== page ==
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3 - Human rights in practice

Ilias Bantekas
Affiliation:
Brunel University
Lutz Oette
Affiliation:
School of Oriental and African Studies, University of London
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Summary

Introduction

Human rights are constructed by multiple actors acting simultaneously within the given political and legal structures, and challenging and changing them in the process. While the political struggle for human rights is universal and potentially engages all human beings, our focus is on key agents, both the ‘true authors’ of human rights and others who play an influential role. The ‘human rights movement’ includes individuals and communities fighting for their rights, NGOs, the somewhat amorphous ‘civil society’, social movements and transnational networks that engage in local and global power struggles. More recently, the term ‘human rights defenders’ has increasingly become a catch-all category to embrace the range of actors concerned.

The human rights movement is by no means uniform and a series of challenges, both within the movement and in respect of its role as a political actor, have become more pronounced with the increasing power of human rights and its advocates. This development has cast the light on human rights advocates, such as NGOs, and has raised questions both of legitimacy – who are you to make claims in the name of human rights or on behalf of certain people? Are you living up to human rights principles in your own practice? – and effectiveness – are you really making the positive difference in people’s lives you claim to make? Responses to these challenges testify to a growing self-awareness and critical assessment of the nature of human rights work, which includes an evaluation of the efficacy of strategies used to promote and protect human rights. Inevitably, human rights advocates are increasingly drawn into the political domain and are faced with the difficult task of marrying principle with pragmatism. This chapter explores the tensions arising in these contexts and assesses the strategies used by human rights actors, namely documentation, human rights reporting, advocacy, awareness-raising, training and education and, where relevant, litigation (which is considered in more detail in chapters 7 and 13).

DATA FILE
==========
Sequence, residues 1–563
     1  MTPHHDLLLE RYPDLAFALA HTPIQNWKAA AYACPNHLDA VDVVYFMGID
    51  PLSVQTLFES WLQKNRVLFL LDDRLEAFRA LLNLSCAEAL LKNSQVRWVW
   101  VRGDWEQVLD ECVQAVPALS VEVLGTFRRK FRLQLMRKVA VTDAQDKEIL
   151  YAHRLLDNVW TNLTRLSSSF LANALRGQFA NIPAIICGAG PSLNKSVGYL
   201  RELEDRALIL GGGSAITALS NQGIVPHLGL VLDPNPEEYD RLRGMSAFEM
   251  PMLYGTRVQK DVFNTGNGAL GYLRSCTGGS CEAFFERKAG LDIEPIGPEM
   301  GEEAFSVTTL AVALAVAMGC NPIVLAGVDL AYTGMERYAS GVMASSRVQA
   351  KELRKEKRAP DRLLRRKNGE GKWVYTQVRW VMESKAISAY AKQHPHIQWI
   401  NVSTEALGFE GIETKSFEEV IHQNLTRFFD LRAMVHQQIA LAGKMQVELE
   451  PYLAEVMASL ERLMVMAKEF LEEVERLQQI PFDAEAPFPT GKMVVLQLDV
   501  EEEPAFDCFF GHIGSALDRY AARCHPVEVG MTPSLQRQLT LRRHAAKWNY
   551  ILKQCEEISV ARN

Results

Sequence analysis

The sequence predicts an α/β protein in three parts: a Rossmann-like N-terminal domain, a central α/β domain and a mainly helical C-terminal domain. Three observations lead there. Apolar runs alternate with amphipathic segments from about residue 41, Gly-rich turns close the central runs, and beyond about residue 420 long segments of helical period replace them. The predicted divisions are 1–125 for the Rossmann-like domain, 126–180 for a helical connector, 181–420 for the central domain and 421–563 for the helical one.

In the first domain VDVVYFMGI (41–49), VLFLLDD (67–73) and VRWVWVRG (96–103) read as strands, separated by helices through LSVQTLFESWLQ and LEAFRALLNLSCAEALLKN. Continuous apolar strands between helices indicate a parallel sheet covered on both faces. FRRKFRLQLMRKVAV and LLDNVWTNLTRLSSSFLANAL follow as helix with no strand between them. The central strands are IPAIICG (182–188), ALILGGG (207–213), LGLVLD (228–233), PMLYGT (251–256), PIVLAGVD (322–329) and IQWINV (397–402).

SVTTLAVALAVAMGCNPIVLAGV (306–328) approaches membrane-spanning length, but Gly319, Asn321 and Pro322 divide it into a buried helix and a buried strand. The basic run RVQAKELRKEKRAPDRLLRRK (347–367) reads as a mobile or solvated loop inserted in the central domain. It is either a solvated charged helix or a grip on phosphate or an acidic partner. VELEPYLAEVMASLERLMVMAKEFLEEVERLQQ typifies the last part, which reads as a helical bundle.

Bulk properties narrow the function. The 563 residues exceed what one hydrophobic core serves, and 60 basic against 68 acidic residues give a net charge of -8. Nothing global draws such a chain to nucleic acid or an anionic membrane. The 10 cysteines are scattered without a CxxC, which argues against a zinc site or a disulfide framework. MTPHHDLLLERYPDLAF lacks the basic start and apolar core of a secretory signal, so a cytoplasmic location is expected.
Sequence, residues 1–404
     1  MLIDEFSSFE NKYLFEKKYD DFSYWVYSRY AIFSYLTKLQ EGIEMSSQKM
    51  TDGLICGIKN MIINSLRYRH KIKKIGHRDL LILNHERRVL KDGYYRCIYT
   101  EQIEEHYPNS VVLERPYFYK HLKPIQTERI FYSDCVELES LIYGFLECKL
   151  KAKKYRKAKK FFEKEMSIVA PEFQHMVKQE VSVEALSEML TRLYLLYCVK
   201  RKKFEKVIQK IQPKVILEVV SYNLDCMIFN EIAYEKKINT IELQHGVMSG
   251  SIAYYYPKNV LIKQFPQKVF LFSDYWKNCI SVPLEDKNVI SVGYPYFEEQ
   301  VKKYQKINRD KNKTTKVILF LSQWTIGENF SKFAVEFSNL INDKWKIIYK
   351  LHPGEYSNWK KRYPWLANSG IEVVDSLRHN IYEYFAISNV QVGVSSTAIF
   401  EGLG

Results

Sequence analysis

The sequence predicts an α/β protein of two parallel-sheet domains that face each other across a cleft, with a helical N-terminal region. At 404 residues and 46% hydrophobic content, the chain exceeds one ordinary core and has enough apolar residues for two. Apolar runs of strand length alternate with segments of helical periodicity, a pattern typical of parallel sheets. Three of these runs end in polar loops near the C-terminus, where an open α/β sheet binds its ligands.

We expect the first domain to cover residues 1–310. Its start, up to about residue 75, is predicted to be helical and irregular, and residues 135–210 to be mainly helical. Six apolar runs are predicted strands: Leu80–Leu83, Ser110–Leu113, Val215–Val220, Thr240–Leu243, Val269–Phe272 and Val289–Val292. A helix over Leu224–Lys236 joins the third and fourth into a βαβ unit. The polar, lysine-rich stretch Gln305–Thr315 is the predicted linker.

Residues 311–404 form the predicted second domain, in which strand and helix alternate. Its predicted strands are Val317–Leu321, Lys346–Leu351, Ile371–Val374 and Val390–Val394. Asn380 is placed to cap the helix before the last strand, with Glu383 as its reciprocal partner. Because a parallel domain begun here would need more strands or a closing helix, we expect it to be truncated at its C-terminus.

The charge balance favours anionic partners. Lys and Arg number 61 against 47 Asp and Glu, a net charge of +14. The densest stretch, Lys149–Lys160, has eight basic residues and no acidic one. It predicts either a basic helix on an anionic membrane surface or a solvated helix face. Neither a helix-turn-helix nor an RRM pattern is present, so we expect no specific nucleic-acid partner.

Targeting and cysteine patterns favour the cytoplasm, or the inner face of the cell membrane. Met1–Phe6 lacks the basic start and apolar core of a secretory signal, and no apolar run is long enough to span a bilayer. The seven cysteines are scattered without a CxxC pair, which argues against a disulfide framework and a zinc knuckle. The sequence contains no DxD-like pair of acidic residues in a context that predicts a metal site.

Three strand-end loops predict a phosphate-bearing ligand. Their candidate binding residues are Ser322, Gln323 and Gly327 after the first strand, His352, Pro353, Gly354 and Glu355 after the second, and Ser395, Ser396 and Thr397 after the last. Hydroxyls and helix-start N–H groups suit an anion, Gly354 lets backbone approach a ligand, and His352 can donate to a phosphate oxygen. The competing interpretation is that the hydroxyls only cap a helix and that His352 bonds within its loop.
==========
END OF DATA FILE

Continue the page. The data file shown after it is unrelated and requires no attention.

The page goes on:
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Publisher: Cambridge University Press
Print publication year: 2013

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  • Human rights in practice
  • Ilias Bantekas, Brunel University, Lutz Oette, School of Oriental and African Studies, University of London
  • Book: International Human Rights Law and Practice
  • Online publication: 05 April 2013
  • Chapter DOI: https://doi.org/10.1017/CBO9781139048088.004
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  • Human rights in practice
  • Ilias Bantekas, Brunel University, Lutz Oette, School of Oriental and African Studies, University of London
  • Book: International Human Rights Law and Practice
  • Online publication: 05 April 2013
  • Chapter DOI: https://doi.org/10.1017/CBO9781139048088.004
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  • Human rights in practice
  • Ilias Bantekas, Brunel University, Lutz Oette, School of Oriental and African Studies, University of London
  • Book: International Human Rights Law and Practice
  • Online publication: 05 April 2013
  • Chapter DOI: https://doi.org/10.1017/CBO9781139048088.004
Available formats
×